Now, the bad news: Even more concerning, and uncertain, are the ripple effects that might happen if the coronavirus strikes the very workers who run the paper mills, hand sanitizing factories, and shipping distribution centers. Because a single worker’s illness may mean quarantining co-workers who’ve come into contact with him, a case of COVID-19 could hobble an entire operation.

It’s not an entirely unrealistic proposition. GoJo, which manufactures Purell hand sanitizer, reported a worker with COVID-19 at one of its two Ohio plants. Boeing halted production at its aircraft plants in Washington state after at least one worker there died of the disease. In Malaysia, officials shut down several palm oil plantations after workers contracted the coronavirus.

Outbreaks aboard freighter ships could pose a problem. Maersk, the world’s largest ocean shipping company, said in late March five crewmembers on of one of its ships had contracted the coronavirus and disembarked in Ningbo, China, for medical evaluation.

Some are worried enough to sound alarms: The Food and Agriculture Organization of the United Nations warned widespread quarantines or export restrictions, combined with outbreaks among farm workers, could disrupt the supply chain and spark a food crisis. (There is no food shortage yet, it noted.)

For American consumers, disruptions to ocean shipping would probably have a minimal effect on food supply, says Andrew Novaković, a professor of agricultural economics at Cornell University. Because America is a major agricultural exporter, it has plenty of its own food. The bigger problem for U.S. farmers would be if they can’t export and sell the food they’ve already grown, leaving them with “product you can’t sell and then having prices go in the tank.”

With government-mandated shutdowns of many retail stores, and with consumers unenthusiastic about making large purchases, industry experts do expect the economic downturn to deal a blow to the shipping industry in the coming months. Some trucking companies have already announced partial layoffs, and Wallenius Wilhelmsen, which ships automobiles across the ocean, announced it would lay off 2,500 employees and place up to 10 ships in “cold layup,” according to shipping news website FreightWaves. Some current product shortages aren’t primarily due to shipping problems but to unprecedented demand. Facemasks, bottles of hand sanitizer, and ventilators have, in a matter of weeks, become vitally needed goods in the global fight against the coronavirus. There simply haven’t been enough to go around.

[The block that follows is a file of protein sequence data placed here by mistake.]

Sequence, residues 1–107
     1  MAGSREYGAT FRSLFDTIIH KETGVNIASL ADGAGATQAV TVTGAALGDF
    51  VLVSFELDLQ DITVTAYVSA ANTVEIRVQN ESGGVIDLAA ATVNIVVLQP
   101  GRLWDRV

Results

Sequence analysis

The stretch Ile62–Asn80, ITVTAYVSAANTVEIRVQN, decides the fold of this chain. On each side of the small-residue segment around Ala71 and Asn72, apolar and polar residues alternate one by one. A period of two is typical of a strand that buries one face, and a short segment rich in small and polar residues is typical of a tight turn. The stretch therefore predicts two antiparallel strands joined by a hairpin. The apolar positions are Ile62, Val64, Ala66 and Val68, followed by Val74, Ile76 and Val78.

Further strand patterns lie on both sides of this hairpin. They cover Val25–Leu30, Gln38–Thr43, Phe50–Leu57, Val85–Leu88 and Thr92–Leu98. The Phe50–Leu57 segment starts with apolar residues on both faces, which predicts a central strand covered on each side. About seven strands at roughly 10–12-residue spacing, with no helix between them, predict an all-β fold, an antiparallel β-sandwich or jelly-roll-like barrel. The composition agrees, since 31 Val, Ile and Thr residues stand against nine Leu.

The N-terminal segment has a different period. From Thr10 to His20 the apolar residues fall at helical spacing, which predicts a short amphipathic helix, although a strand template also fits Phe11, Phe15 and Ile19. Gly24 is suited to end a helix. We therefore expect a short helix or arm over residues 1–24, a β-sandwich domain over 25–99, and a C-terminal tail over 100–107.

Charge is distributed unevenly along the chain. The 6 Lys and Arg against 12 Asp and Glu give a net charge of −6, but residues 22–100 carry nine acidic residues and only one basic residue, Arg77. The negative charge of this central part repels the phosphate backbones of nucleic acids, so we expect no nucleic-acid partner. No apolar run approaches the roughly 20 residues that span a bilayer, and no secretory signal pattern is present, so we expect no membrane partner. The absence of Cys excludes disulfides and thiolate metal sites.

Manufacturers say they are making these products as quickly as they can. Gojo said its Purell-producing operations were running 24/7. It has added shifts, with some employees working overtime. 3M said it had doubled its global output of N95 masks to nearly 100 million per month.

James Spirits employee Bob Owens applies labels to bottles of hand sanitizer being produced at the distillery.

James Spirits employee Bob Owens applies labels to bottles of hand sanitizer being produced at the distillery. Carlos Osorio/SP

These companies can’t build additional factories overnight, so other businesses have stepped up to help in ingenious ways. Dozens of U.S. craft distilleries, for example, have repurposed their alcohol-production capabilities to instead make hand sanitizer.